Some people are under the impression that this is an American production of A Christmas Carol while others (namely the 1951 Alastair Sim version) are British. Truth is, while the George C. Scott 1984 version was televised on an American network, it was filmed on location in England, and presents an effectively murky, gritty atmosphere where other versions, including the most recent Patrick Stewart version, look a little too "pretty".
Perhaps most telling is that the director of the 1984 Christmas Carol is Clive Donner. Not only is he British, but he was also the editor of the 1951 version...the very same Scrooge featuring Alastair Sim's acclaimed performance! This indicates that Donner had a unique perspective when he decided to revisit A Christmas Carol. He could easily have chosen to tell the tale just as it was done in 1951, but he diverted slightly. Thus, the George C. Scott production is much more atmospheric and concentrates a little more on Scrooge's present and future whereas the Sim version devoted way too much time on Scrooge's past. In giving Scrooge's past, present and future equal time, Donner is able to depict Scrooge's emotional tranformation convincingly and realistically (having George C. Scott doesn't hurt either).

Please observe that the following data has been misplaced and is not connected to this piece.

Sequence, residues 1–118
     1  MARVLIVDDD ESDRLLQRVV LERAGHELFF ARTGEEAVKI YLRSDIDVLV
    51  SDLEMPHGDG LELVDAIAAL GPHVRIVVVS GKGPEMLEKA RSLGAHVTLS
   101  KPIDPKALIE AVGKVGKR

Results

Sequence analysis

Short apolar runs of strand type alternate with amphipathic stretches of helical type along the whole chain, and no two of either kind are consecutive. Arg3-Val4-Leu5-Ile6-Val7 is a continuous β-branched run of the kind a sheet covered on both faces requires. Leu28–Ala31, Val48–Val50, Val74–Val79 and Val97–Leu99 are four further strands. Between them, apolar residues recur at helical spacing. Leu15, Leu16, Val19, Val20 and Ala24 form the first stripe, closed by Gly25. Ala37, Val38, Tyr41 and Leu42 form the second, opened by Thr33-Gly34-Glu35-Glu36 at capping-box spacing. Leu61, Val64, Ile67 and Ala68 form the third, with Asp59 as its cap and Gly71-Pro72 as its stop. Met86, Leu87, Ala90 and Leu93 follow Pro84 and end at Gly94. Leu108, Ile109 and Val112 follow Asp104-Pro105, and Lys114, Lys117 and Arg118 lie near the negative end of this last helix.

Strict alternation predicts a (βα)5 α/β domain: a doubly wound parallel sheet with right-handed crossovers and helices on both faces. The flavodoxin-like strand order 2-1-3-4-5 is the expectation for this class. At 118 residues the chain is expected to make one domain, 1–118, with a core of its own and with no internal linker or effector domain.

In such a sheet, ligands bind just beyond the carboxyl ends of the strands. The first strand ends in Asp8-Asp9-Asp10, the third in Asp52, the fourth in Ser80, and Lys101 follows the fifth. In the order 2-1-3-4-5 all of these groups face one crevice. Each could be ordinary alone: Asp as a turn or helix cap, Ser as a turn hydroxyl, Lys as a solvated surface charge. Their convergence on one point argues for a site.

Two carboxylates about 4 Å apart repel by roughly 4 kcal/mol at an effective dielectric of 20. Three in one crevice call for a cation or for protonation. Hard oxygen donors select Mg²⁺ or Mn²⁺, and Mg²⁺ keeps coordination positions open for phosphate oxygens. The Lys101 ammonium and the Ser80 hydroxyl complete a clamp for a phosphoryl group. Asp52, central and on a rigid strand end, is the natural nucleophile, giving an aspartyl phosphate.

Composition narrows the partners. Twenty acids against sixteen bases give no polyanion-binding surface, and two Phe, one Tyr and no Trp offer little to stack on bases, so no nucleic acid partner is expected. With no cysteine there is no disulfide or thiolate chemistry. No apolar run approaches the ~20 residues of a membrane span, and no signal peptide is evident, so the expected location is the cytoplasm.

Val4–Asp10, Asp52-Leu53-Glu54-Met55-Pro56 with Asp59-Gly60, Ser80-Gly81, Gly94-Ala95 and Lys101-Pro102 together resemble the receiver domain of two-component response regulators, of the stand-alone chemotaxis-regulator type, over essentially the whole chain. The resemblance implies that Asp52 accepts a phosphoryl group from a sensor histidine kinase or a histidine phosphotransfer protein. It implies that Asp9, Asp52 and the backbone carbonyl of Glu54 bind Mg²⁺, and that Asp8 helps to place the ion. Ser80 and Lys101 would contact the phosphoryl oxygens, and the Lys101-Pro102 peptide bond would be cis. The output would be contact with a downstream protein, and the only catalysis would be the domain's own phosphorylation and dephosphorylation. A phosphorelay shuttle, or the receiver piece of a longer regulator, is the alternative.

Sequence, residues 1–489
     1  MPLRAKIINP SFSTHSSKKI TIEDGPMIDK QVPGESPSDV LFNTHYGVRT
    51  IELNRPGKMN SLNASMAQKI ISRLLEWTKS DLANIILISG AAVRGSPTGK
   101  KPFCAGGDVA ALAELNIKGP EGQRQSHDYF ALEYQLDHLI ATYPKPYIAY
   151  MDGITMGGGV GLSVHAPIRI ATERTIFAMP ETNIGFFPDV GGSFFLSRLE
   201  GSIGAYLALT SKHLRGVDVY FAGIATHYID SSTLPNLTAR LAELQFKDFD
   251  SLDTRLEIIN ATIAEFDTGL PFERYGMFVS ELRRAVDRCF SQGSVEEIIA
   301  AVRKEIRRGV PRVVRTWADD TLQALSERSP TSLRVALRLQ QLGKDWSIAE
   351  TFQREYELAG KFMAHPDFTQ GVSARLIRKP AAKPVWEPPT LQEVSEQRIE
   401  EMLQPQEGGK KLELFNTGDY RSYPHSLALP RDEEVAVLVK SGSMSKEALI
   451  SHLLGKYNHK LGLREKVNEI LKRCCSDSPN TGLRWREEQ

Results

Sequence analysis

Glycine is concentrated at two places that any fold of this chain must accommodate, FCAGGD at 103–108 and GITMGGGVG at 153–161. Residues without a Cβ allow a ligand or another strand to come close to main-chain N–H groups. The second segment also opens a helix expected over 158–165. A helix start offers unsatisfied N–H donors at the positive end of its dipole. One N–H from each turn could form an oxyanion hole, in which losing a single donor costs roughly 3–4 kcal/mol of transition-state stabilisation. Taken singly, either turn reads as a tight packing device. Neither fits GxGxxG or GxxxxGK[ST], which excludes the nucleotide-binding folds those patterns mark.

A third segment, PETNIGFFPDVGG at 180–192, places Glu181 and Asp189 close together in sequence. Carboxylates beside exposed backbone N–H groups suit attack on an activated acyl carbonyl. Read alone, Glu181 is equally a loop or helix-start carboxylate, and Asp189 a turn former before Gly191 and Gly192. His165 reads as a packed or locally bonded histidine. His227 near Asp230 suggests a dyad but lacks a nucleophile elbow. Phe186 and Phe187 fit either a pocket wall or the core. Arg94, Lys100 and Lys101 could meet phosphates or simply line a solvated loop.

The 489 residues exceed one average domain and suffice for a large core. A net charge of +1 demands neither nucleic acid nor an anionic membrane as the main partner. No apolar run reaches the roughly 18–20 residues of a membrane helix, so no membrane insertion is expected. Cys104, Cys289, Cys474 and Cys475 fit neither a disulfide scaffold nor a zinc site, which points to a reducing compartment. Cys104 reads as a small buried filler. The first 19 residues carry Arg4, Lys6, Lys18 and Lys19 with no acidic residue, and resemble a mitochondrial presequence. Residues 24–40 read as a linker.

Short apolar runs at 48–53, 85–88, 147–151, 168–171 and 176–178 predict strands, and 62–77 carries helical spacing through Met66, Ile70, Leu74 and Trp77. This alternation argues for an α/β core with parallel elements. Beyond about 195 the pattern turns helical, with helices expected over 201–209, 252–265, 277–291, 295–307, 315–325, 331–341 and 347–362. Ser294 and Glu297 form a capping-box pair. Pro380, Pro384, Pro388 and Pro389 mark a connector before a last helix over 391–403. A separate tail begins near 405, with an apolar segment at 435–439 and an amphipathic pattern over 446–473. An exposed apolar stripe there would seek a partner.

The 1951 production of Scrooge: A Christmas Carol will always have Alastair Sim's celebrated performance, but this 1984 production has become the definitive film version of the Dickens classic!